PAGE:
History of the Speech and Language Services in Ontario Schools


Members of the Ontario Association for Families of Children with Communication Disorders have been concerned for many years about the inadequacy and inconsistencies in the provision of speech and language services for children. Services for preschool children have improved in recent years with almost twenty million dollars in service enhancements. However, services for school aged children remain inadequate despite recent education reforms. Some of the problems stem from variable interpretations and implementation of Policy/Program Memorandum 81. OAFCCD members are hopeful that this review will resolve many of the long standing problems and that families will not have to continue fighting year after year.

1980 Bill 82, an amendment to the Education Act, passed and all children with disabilities become entitled to attend publicly funded schools by the end of a five year implementation period.

1984 Policy/Program Memorandum 81, an inter-Ministerial agreement, developed to establish who would be responsible for provision of health services in school settings

1985 Guidelines for the Provision of Speech and Language Services developed to clarify responsibilities for speech and language services in schools

1988 Interministerial Guidelines for the Provision of Speech and Language Services produced as a revision to the previous Guidelines. Intent was to assist in decision making at the local level and determine respective roles in the provision of services in schools

1990 Ministry of Community and Social Services support Oxford County Planning Groups to survey parents and agencies about children's services. Study by Dean Darnell indicates that many services, including speech and language services, are inadequate and poorly co-ordinated.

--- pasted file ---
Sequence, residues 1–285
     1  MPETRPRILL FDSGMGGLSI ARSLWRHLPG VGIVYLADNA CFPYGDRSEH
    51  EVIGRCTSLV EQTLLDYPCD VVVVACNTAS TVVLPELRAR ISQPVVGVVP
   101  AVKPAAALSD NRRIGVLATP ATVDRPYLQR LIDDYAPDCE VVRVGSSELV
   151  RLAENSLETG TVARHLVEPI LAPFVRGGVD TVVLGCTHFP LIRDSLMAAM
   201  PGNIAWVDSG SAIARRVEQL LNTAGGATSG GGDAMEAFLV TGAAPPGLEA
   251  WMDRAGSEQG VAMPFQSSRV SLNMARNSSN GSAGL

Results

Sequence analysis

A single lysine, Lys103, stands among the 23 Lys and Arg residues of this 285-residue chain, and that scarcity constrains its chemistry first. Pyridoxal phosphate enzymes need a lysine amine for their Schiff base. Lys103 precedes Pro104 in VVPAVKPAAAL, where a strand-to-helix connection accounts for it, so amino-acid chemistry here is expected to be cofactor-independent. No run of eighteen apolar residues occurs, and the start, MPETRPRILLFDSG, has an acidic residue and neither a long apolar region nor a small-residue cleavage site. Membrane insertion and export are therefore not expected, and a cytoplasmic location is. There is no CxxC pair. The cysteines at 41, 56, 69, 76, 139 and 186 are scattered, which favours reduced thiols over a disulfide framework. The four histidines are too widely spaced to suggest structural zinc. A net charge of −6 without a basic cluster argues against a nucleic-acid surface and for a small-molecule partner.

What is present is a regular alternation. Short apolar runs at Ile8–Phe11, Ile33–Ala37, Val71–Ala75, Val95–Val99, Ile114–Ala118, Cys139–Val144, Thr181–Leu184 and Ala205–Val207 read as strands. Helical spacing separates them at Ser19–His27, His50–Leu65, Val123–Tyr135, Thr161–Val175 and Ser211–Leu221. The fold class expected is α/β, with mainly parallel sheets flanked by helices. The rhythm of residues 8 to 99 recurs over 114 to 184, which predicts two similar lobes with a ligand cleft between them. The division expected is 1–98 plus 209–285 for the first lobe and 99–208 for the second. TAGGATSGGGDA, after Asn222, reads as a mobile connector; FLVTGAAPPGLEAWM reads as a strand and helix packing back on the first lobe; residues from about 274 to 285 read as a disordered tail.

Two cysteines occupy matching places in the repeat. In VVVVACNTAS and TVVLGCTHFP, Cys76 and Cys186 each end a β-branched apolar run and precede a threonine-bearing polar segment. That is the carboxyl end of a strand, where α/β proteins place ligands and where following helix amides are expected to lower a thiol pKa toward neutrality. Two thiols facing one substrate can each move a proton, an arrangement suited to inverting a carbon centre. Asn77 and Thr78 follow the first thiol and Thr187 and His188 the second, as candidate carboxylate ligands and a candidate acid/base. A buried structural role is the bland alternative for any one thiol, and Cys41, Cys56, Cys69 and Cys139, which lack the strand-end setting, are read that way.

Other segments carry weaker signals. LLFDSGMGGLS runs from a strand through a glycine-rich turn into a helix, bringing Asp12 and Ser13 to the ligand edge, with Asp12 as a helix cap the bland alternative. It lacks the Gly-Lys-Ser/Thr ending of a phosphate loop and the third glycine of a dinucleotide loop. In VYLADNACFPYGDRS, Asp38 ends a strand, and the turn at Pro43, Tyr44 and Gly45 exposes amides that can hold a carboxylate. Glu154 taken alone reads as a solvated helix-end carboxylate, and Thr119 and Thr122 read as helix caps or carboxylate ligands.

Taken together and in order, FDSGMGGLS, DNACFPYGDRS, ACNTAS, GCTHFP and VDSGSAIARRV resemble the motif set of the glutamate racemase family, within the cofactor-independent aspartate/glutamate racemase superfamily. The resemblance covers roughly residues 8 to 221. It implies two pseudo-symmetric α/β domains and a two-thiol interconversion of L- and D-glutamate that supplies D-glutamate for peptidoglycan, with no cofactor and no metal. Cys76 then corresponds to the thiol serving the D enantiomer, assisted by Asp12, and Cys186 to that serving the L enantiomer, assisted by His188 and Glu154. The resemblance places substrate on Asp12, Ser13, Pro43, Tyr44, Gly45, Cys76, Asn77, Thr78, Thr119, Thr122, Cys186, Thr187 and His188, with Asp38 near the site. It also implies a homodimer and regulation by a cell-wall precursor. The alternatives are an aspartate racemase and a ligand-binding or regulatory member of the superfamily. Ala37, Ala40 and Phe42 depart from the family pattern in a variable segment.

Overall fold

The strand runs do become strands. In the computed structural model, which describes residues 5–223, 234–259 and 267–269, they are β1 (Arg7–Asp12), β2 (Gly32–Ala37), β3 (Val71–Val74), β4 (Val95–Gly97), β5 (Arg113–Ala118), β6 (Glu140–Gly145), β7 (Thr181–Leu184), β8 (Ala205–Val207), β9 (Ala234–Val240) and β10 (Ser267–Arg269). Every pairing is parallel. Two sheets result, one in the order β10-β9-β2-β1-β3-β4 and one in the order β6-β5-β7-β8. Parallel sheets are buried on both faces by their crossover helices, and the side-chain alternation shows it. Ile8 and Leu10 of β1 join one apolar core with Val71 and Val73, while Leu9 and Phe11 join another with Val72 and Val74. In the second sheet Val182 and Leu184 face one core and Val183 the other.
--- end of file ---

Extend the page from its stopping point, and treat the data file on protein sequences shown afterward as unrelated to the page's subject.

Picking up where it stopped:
1991 Oxford County Speech and Language Task Force established to bring stakeholders together to discuss how speech and language services can be improved for children. Sharen Heath, a parent volunteer member of group.

School boards faced with revenue shortfalls and local tax payer resistance to spiralling education costs, consider reducing or eliminating special education services that are not mandated.

At April Budget meetings Oxford and Perth County school boards decide to eliminate a number of special education services, including speech and language services.

Parents and professionals rally to fight special education cuts. Sharen Heath and Genese Warr-Leeper, Professor in Communicative Disorders at the University of Western Ontario make presentations to Trustees and Special Education Advisory Committees. Trustees respond that it is not their fault, indicating there is no mandate for the services and that funding problems stem from the Provincial government

Parent delegation meet with Minister of Education, Marion Boyd at Queen's Park. Minister indicates that decisions on the provision of school services are local decisions and the responsibility of the school boards.

Oxford M.P.P., Kimble Sutherland, offers to intervene and invites the Inter-Ministerial Advisory Committee for School Health Supports to meet with parents, school board representatives and local agencies involved in the delivery of speech and language services.

1992 Inter-Ministerial Advisory Committee advises the groups to keep talking and find a locally acceptable solution. The Oxford County Speech and Language Task Force expanded and requested to develop a county model of service.

Oxford Task Force designs alternative service delivery models. But it seems impossible to get agreement amongst agencies. Parents realize that the PPM 81 and Inter-Ministerial Guidelines are not helpful as they are not enforceable.

Provincial Coalition for Equity Education formed by groups concerned about cuts to education services. Sharen Heath attends, representing Oxford County parents and learns that speech and language services are especially vulnerable to cuts because no organization has a mandate to provide the services.